Deregulation: cheap flights and delays
Pictures of travelers still marooned in airports over the long holiday week are deeply disturbing.
Passengers are missing flights, unable to rebook passage to visit with friends and loved ones. Thousands of pieces of luggage remain strewn about airport lobbies. Airline and airport employees still struggle with the anger and frustration of customers.
Some workers have broken down in tears after hours of dealing with disappointed ticket holders.
Thousands of flights, particularly those connected with Southwest Airlines, have been canceled. It may be days before the nightmare ends, and months, if ever, before passengers are made whole for their losses and inconvenience. If a flight is canceled, travelers are entitled to refunds. However, delays — even long ones — are a different issue. “Each airline has its own policies about what it will do for delayed passengers waiting at the airport; there are no federal requirements,” the U.S. Department of Transportation says on its website.
“Airlines have a lot of discretion in how they respond to problems,” DOT says. “While you do have certain rights as a passenger, your demands for compensation will probably be subject to negotiation.”
Some compensation will be impossible. How can anyone pay for a lost Christmas holiday, or a missed visit with family? It can’t be done.
What is possible — and is absolutely needed — is a full apology for the debacle, and a complete investigation into what went wrong.
The Christmas weekend is a naturally heavy-travel period, which provides a partial explanation. At the same time, the airlines could not have been unaware of travel demand: Almost all tickets are purchased in advance. If flights were deliberately overbooked, the public should know.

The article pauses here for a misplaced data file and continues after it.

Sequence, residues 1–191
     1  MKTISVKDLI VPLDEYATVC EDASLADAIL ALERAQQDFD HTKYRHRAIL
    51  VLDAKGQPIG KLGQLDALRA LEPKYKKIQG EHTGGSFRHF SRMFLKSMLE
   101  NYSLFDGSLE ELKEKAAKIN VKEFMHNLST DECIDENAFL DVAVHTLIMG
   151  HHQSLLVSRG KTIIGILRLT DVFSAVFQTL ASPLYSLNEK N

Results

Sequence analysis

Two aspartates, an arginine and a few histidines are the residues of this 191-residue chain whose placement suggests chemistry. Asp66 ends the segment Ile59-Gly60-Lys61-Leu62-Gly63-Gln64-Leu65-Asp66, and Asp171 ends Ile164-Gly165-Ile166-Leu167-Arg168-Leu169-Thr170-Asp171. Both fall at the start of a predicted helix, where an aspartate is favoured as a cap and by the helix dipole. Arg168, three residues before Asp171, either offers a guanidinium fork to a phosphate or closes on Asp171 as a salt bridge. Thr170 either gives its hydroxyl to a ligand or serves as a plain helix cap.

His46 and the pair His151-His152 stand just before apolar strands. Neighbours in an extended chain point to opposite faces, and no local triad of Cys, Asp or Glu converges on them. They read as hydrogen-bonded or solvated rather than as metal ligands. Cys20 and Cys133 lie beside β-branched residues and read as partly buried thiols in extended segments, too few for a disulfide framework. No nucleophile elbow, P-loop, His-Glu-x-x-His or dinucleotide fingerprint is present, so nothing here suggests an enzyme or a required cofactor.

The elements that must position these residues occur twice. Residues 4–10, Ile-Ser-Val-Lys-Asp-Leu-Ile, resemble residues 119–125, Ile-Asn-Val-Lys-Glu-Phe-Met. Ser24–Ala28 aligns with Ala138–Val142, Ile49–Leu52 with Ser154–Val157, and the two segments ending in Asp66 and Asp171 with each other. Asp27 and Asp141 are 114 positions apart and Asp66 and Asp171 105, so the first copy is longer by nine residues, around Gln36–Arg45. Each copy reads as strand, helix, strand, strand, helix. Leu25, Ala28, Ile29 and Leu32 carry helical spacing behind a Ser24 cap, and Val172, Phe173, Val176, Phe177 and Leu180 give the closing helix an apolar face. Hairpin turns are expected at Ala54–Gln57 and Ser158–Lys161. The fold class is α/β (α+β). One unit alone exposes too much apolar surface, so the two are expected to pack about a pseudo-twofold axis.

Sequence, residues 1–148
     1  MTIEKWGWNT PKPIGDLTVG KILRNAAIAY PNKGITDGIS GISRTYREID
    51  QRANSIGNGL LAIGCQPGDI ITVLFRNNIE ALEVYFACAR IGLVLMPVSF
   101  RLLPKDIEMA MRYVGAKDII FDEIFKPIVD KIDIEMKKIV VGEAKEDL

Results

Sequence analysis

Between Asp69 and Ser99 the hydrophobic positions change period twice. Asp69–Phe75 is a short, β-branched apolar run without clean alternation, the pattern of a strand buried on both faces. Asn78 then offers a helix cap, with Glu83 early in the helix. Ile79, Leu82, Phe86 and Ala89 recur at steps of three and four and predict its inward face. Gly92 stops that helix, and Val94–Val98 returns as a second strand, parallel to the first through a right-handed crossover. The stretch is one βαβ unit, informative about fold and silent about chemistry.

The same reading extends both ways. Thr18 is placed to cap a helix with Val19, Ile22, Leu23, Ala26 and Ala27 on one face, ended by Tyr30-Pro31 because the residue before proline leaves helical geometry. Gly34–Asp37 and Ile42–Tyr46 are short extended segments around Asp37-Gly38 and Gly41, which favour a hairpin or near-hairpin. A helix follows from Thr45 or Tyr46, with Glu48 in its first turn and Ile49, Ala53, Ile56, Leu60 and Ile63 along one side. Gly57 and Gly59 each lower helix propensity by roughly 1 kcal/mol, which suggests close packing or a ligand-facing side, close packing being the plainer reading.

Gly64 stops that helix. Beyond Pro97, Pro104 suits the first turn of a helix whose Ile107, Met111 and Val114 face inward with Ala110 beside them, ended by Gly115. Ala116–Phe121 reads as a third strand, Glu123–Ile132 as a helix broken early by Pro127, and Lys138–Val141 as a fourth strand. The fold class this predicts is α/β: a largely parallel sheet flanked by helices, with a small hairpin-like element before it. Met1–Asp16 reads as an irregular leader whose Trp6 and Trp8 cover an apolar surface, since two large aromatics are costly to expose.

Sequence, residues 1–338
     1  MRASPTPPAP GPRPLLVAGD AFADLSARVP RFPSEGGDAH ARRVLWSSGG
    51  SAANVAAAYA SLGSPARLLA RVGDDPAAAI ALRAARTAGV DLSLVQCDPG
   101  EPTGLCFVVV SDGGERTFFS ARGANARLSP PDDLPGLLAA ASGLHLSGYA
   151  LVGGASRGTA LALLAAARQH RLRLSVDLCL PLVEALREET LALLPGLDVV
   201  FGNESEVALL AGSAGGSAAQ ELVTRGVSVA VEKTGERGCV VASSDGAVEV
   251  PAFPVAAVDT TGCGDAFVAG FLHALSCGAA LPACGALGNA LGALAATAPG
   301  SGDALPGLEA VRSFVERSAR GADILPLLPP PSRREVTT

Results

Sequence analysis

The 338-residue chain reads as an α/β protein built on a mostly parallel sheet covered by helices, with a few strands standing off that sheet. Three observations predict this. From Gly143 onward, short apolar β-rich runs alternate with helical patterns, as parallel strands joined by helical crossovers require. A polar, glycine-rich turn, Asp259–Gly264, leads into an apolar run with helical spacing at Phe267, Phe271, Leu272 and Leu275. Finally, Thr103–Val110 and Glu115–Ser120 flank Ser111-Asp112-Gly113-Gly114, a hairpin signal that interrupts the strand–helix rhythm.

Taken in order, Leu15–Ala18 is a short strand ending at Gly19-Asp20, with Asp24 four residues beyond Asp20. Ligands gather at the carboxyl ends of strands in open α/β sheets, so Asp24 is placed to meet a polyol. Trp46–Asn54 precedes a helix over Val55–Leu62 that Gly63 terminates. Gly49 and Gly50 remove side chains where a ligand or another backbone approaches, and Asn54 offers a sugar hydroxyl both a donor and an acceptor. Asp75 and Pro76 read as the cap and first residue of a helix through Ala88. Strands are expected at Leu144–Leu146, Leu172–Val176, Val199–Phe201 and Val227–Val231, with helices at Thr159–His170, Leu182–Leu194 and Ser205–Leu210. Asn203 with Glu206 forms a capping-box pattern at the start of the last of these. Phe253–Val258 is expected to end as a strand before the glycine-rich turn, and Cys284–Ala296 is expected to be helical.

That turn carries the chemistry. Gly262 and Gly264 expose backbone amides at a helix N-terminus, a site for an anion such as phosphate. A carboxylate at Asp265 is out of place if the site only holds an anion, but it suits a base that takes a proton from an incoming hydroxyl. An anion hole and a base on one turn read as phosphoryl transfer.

Weather clearly played a role. A devastating blizzard swept through the eastern third of the nation, causing havoc and death in several cities. Airports closed during the storms, causing a cascading problem with misplaced crews and ground workers unable to get to airports.
Analysts say Southwest may be particularly vulnerable to these disruptions. The airline’s apparent reluctance to reschedule fliers on competing airlines may have played a part as well.
The Department of Transportation said Monday it will look into Southwest’s decision-making. “The Department will examine whether cancellations were controllable and if Southwest is complying with its customer service plan,” the department said in a tweet.
We encourage a full-scale review of the holiday travel nightmare, with recommendations on ways to improve next time. We also urge Southwest, and other airlines, to ramp up efforts to voluntarily compensate ticket holders forced to rent cars or hotel rooms because of canceled flights.
Anyone who had to rent a hotel room, or car, because of any airline’s poor planning or response should be fully compensated.
There are a few caveats. The cost to travelers over the past week is critical, but it’s less important than safety. No lives should ever be risked in order to meet a travel schedule. It’s possible some problems were caused by prudence.
At the same time, airlines should show their plans for such contingencies. Did Southwest’s aggressive scheduling contribute to the debacle? Should the airline have intervened sooner? Are backup plans adequate? Has the airline failed to modernize, as its unions have alleged?
Do airlines need to improve customer relations? Should crisis plans be revised, and more people hired? Should airports do more to prepare for such events, and provide more services for stranded passengers?
In all of this, passengers will look to the federal government for answers. They should get them. At the same time, the nation decided decades ago to essentially deregulate air travel, making it harder for the government to oversee airlines’ decision-making.
Deregulation made flying cheaper. It helped create alternatives for travelers, including Southwest Airlines. It made service to big cities easier and more convenient.
But the concentration on the bottom line, rather than meeting public service requirements, has diminished the quality of air travel. It’s why you get a bag of peanuts instead of something better to eat when you fly.
In general, airlines care about revenue and spending more than passenger satisfaction. That’s true of lots of industries.
So the real answer to this week’s calamity rests only in part with the federal government. The other answer belongs to customers, who can and should vote with their pocketbooks and credit cards the next time they travel.